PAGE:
Highland Inn Restoration Begins

The following article and accompanying photo are by John Bruce, Staff Writer, as published on Thursday, August 20, 2020 in The Recorder (Bath and Highland counties, Virginia)

MONTEREY — The Highland Inn renovation and community revitalization project celebrated a major milestone Tuesday.

Architects, builders, volunteers and community leaders gathered on the inn’s front porch to observe the launch of phase 1 construction with an informal celebration.

Miller Cupp and Lantz were lead contractors on the Highland Center renovation.

Blue Grass Resource Center chair Robin Sullenberger and Monterey Mayor Ronald Wimer recounted personal memories of experiences they enjoyed long ago.

Sullenberger spent an entire year of his childhood at the inn.  Wimer’s first job was at the inn.

Besides Sullenberger, other Blue Grass Resource board members include Richard Johnstone, vice chair; Chanda Sponaugle, treasurer; Nancy Witschey, treasurer; and Lloyd Bird.

Resource center executive director Betty Mitchell observed the many years of work and dedication it took to support the inn’s renovation, estimated to cost roughly $3 million in full for a turnkey operation.  “It takes so many people to realize a vision for a project of this magnitude for our small community,” she said.

Hamill “Skip” Jones, chair of the Charles Pinkney Jones Charitable Trust, announced during the celebration Tuesday a $150,000 grant for phase I construction and an additional $50,000 matching dollar-for-dollar challenge grant with a Dec. 31 deadline, fewer than 135 days away.

The late Elizabeth and Mary Hille McCoy, descendants of Charles Pinckney Jones, often enjoyed dining at the inn, Jones said.  The trust was created and funded by Mary Hille McCoy, who lived in the family home with her sister, Elizabeth, until her death.  Mary Hille was the last descendant of Charles Pinckney Jones to occupy the historic homestead on Main Street.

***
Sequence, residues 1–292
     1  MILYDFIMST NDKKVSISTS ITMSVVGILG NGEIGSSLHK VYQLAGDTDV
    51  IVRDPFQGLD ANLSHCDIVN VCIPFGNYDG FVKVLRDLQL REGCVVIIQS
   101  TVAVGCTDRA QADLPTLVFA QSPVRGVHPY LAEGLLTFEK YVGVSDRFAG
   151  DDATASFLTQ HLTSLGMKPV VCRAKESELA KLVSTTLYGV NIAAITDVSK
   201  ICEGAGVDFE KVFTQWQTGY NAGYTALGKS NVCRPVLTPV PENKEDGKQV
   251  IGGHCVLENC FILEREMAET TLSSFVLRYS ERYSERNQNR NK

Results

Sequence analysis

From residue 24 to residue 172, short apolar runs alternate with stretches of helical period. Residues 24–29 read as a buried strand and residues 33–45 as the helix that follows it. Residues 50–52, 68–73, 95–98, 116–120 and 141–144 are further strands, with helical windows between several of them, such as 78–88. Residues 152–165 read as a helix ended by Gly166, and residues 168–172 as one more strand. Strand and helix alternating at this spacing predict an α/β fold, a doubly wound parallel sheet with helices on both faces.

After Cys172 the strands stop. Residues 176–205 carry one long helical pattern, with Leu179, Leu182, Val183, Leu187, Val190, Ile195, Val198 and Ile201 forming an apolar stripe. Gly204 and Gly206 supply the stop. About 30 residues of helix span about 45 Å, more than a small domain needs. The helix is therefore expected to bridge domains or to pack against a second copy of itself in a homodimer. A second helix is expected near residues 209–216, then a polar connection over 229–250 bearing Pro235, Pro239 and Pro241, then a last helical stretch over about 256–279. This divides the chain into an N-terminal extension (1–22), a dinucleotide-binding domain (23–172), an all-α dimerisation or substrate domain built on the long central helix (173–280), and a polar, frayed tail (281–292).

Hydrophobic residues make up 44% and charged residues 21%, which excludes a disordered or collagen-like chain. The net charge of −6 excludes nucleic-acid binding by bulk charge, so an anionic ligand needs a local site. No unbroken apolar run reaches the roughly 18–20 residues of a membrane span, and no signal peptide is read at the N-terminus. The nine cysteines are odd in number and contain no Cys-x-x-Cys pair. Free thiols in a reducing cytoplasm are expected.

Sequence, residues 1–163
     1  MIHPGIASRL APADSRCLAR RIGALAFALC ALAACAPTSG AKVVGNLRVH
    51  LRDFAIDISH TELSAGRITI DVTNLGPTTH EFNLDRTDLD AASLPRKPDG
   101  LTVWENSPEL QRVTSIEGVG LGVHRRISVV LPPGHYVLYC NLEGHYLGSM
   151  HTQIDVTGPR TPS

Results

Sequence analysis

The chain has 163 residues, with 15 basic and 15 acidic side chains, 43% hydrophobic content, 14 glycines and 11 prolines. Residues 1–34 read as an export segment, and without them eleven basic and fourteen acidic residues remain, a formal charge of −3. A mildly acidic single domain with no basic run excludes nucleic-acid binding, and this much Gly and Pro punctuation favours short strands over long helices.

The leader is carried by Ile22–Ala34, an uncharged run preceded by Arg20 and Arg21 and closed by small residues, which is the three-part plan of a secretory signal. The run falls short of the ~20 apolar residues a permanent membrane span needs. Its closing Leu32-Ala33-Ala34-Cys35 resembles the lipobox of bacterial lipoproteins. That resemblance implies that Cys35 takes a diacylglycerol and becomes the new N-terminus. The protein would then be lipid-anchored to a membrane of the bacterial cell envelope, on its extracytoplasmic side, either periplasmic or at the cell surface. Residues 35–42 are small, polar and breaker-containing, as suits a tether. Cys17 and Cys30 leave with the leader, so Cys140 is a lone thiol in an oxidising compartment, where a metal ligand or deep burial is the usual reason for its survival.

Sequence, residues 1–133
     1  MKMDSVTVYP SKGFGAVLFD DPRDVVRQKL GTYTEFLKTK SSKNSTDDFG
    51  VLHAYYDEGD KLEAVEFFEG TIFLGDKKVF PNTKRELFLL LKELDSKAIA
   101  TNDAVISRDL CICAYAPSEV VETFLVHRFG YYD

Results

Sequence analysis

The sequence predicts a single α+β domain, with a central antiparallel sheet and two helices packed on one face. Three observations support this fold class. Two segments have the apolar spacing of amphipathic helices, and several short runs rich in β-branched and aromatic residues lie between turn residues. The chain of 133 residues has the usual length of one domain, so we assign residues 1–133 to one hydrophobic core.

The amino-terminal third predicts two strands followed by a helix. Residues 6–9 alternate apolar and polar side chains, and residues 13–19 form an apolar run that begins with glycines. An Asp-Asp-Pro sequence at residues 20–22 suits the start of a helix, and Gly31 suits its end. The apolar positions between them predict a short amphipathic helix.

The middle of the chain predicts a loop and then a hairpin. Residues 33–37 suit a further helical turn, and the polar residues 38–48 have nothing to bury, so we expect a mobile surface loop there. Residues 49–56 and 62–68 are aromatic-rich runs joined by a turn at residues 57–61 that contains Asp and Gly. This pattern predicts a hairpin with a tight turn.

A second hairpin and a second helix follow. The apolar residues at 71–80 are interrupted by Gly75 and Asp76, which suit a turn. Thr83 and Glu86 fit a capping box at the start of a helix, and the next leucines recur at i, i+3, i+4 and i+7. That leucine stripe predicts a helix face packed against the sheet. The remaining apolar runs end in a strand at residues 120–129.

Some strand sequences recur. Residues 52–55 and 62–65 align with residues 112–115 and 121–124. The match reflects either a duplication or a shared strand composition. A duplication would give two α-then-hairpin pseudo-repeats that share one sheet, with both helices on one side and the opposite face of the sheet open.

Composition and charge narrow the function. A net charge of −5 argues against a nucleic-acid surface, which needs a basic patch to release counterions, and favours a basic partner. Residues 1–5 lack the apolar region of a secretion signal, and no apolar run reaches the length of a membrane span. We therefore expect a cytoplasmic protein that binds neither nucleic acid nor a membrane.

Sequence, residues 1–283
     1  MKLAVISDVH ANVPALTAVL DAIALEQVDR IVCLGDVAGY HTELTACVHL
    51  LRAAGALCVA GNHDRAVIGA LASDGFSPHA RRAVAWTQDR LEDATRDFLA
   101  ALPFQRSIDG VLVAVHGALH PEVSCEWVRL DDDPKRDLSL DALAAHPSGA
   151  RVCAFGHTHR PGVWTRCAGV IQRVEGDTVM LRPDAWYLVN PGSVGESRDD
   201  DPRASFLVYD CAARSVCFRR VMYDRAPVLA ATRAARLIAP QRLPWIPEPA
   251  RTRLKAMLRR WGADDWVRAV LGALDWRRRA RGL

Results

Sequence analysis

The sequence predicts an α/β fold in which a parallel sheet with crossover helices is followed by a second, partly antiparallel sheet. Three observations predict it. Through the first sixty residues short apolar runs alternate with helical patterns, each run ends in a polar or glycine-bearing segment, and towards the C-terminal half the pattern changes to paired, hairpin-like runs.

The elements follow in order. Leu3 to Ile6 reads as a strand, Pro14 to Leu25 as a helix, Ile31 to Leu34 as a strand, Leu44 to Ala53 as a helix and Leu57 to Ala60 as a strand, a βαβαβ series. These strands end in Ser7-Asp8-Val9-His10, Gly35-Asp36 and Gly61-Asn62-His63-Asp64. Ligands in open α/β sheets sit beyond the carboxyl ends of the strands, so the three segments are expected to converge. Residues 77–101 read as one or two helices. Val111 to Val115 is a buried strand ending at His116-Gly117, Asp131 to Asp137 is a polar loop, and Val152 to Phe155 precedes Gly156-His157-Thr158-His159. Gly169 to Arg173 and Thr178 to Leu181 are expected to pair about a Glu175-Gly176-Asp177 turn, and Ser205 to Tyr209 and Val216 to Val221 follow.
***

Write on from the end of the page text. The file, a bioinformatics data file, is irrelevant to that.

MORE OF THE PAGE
Partial financing for the inn’s renovation has been made available through grants from the Virginia Department of Housing and Community Development, Virginia Department of Environmental Quality and Virginia Economic Development Partnership for a total of about $650,000 in state grants, and not including individual or charitable group donations.

The Highland County Economic Development Authority and Board of Supervisors have been instrumental in securing grant funding.

“Your generosity has compelled the efforts of the Highland Inn Renovation Committee Jamie Collins, chair; D. Brian Richardson; and Sarah Collins-Simmons.  We’d also like to recognize Bill Rich, who helped with design work before he retired in 2017.  And our volunteers, Polly Newlon who organized, inventories and packed inn belongings that are now in the Highland Telephone Cooperative warehouse,” Mitchell said.  “Which brings us to today, phase I, exterior work and stabilization of the Highland Inn.  The inn has stood on this site and served the community and traveling public since 1904. Phase I wraps up early in January 2021.

“Phase II will take us inside and give us handicap accessible rooms on the first floor, systems upgrade through the inn, and renovation of all guest rooms,” Mitchell continued.  “Final design for this phase is currently under way and with the completion of the design, we will be in a more competitive position to apply for federal grants.

“It’s tough raising money during the pandemic,” she added, “but we’re up to it.”

To send a donation, make a check payable to Blue Grass Resource Center with Highland Inn on the memo line and mail to Blue Grass Resource Center, P.O. Box 113, Blue Grass, Va. 24413.

Pictured: Blue Grass Resource Center Executive Director Betty Mitchell, Lantz Project Manager Seth Little, and Lantz President & CEO Chris Weaver (far right) look on as BGRC chair Robin Sullenberger cuts the banner to mark the beginning of renovations.